# Year 4 Assessment paper

Year 4 Assessment paper

Great news for all those with children in year 4! We have just published our latest assessment paper for Year 4 which is available for subscribers and all those on a trial. It is certainly a comprehensive test, with over 90 questions covering the latest National Curriculum targets and is ideal for seeing just how well your child is doing.

There is no need to complete the test in one go – we would suggest that several shorter periods of time would be better. We would also recommend talking to your child about how they are answering the questions as a great deal can be learnt about children’s mathematical thinking by doing this.

Below is a summary of the maths included in the test.

By the end of year 4 children will be expected to count in multiples of 6, 7, 9, 25 and 1000 and find 1 000 more or less than a given number. They will also be expected to count backwards through zero to include negative numbers. Questions 1 to 6 cover various aspects of this. If your child finds these tricky then we have plenty of practice available.

Children will be taught to recognise the place value of each digit in a four-digit number and round numbers to the nearest 10, 100 and 1 000. Roman numerals up to 100 are also introduced.

Formal written methods of addition and subtraction with up to 4 digits is introduced in year 4. This includes money and working out problems requiring the use of two steps or operations.

Learning multiplication tables forms a key part of year 4 work. By the end of the year children will be expected to recall multiplication facts (times tables) up to 12 x 12. They will also be expected to multiply larger numbers mentally and understand the effect of multiplying by 0 and 1.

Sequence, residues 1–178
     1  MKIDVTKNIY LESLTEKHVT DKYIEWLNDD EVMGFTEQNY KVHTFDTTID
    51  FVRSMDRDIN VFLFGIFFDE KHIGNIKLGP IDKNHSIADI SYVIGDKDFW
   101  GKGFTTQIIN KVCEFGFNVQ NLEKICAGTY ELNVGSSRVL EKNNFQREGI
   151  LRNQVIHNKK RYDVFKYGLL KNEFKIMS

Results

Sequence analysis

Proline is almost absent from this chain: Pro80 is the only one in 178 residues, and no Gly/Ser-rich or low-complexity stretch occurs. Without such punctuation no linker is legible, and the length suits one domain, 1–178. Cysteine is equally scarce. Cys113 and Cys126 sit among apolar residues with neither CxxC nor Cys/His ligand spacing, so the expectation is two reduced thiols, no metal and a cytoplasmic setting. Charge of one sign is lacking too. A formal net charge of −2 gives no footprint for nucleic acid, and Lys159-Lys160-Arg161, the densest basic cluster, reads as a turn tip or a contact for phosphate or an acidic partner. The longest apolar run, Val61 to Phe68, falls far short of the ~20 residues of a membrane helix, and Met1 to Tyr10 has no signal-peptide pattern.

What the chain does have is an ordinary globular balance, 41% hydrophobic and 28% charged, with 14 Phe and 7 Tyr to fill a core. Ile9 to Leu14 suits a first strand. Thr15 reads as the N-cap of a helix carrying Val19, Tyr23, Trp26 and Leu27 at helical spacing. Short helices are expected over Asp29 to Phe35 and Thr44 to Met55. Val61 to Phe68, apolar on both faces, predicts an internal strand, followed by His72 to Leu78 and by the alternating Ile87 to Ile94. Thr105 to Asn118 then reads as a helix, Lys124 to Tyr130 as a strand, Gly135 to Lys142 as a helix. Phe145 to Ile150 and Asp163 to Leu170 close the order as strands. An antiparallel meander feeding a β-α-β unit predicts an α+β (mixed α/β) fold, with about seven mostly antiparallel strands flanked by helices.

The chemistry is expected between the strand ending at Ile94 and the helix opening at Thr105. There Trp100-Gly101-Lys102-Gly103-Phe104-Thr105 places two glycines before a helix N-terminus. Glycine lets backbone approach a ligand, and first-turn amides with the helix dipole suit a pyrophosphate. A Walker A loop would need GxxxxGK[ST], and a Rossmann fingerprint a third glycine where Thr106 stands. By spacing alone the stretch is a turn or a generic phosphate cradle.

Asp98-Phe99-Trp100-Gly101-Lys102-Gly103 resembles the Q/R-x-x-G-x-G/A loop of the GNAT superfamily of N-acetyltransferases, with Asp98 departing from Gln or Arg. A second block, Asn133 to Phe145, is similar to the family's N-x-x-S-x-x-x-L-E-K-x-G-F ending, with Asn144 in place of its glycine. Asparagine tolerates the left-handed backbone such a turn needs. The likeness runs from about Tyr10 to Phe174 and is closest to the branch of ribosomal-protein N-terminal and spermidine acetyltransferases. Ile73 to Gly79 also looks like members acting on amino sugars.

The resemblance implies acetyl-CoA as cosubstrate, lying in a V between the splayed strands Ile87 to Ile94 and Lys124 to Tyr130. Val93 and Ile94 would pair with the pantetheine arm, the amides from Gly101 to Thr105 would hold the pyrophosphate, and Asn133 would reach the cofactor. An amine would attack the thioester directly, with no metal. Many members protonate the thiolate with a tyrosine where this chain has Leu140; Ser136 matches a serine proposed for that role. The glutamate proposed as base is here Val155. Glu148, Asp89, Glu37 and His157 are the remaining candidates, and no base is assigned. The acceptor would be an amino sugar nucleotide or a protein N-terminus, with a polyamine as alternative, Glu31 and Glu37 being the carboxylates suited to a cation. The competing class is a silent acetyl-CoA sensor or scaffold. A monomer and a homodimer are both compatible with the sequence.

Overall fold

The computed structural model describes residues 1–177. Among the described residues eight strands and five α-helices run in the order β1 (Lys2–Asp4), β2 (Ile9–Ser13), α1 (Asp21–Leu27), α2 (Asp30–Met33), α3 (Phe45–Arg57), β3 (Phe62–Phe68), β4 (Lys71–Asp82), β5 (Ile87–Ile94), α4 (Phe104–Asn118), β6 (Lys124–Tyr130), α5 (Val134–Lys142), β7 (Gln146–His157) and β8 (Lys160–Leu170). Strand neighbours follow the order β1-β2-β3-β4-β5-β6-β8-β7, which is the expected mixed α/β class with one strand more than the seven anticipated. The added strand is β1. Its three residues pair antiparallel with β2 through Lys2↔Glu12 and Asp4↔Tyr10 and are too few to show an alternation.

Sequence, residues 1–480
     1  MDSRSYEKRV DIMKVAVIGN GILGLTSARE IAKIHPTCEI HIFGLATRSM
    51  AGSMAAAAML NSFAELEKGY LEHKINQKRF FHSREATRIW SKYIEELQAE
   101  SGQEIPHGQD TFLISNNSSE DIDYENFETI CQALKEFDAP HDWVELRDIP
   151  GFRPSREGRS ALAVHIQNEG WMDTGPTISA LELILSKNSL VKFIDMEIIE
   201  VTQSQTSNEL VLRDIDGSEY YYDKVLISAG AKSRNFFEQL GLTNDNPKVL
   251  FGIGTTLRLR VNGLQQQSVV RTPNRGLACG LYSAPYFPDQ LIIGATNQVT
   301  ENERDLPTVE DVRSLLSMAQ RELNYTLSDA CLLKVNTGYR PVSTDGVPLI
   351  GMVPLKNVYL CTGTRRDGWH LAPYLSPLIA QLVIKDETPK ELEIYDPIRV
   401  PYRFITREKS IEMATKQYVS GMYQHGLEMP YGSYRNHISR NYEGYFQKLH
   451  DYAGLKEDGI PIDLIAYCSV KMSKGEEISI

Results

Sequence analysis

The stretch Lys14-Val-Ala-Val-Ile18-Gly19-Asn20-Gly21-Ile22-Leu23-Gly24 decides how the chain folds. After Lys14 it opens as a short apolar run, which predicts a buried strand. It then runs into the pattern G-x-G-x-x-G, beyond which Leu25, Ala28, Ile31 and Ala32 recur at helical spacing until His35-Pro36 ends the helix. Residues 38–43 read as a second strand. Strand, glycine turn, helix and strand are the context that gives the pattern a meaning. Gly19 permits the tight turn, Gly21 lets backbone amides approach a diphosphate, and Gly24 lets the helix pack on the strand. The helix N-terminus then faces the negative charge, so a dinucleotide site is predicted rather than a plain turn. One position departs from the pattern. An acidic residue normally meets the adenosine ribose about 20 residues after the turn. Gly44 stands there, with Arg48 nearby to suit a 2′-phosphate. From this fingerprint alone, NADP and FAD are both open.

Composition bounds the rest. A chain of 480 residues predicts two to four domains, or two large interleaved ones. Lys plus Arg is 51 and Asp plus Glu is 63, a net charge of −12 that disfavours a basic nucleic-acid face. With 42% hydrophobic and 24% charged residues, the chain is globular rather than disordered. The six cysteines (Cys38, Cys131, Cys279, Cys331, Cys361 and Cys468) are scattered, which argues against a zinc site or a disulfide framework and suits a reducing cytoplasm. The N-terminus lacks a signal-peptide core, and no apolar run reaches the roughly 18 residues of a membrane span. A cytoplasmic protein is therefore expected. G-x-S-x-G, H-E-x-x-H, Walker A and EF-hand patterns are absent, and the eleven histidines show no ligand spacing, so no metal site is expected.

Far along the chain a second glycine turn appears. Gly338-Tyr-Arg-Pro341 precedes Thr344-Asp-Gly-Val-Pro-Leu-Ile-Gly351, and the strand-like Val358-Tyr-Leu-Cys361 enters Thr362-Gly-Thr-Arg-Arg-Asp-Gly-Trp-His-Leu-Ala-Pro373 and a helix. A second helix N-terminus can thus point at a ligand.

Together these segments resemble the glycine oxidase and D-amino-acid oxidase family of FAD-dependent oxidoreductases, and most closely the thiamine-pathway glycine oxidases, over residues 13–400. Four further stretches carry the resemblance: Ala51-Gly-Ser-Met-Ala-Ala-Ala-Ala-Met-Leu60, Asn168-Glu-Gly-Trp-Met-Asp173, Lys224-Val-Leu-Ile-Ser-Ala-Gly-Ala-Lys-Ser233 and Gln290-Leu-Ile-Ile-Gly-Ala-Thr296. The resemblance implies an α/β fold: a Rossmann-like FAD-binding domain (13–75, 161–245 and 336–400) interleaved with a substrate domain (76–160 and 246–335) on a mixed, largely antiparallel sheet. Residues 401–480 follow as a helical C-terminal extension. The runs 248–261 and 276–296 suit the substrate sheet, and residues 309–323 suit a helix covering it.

Factors will also be taught, as well as problem solving using knowledge of multiplication.

Children will be expected to use the formal written layout to multiply two-digit and three-digit numbers by a one-digit number. They will also be expected to recall division facts in a similar way to multiplication tables.

Recognising common equivalent fractions, counting in tenths and hundredths and adding and subtracting fractions with the same denominator (bottom number) are all part of the year 4 programme of study. In particular watch out for the common error of adding the denominator  when adding two fractions ( 1/3 + 1/3 is not 2/6). Children will also be expected to recognise and write decimal equivalents of tenths and hundredths.

By the end of year 4 children should be competent with rounding decimals with one decimal place to the nearest whole number and solve simple money problems.

They will also be expected to convert between different units of measure e.g. kilometres to metres or millimetres to centimetres.

Children will be expected to calculate the perimeter of a rectangle and to count squares to find the area of rectilinear shapes. The 24 hour clock is introduced and children should be able to read, write and convert time between analogue and digital 12 and 24 hour clocks.

It is expected that children will be able to solve problems involving measurement.

Children should also be able to recognise and classify 2-D and 3-D shapes.

By the end of year 4 children will be expected to compare and order angles up to two right angles as well as describing positions using co-ordinates in the first quadrant.

Plenty here so why not take a look at our Year 4 assessment paper which is freely available.
Go to Year 4 Assessment paper

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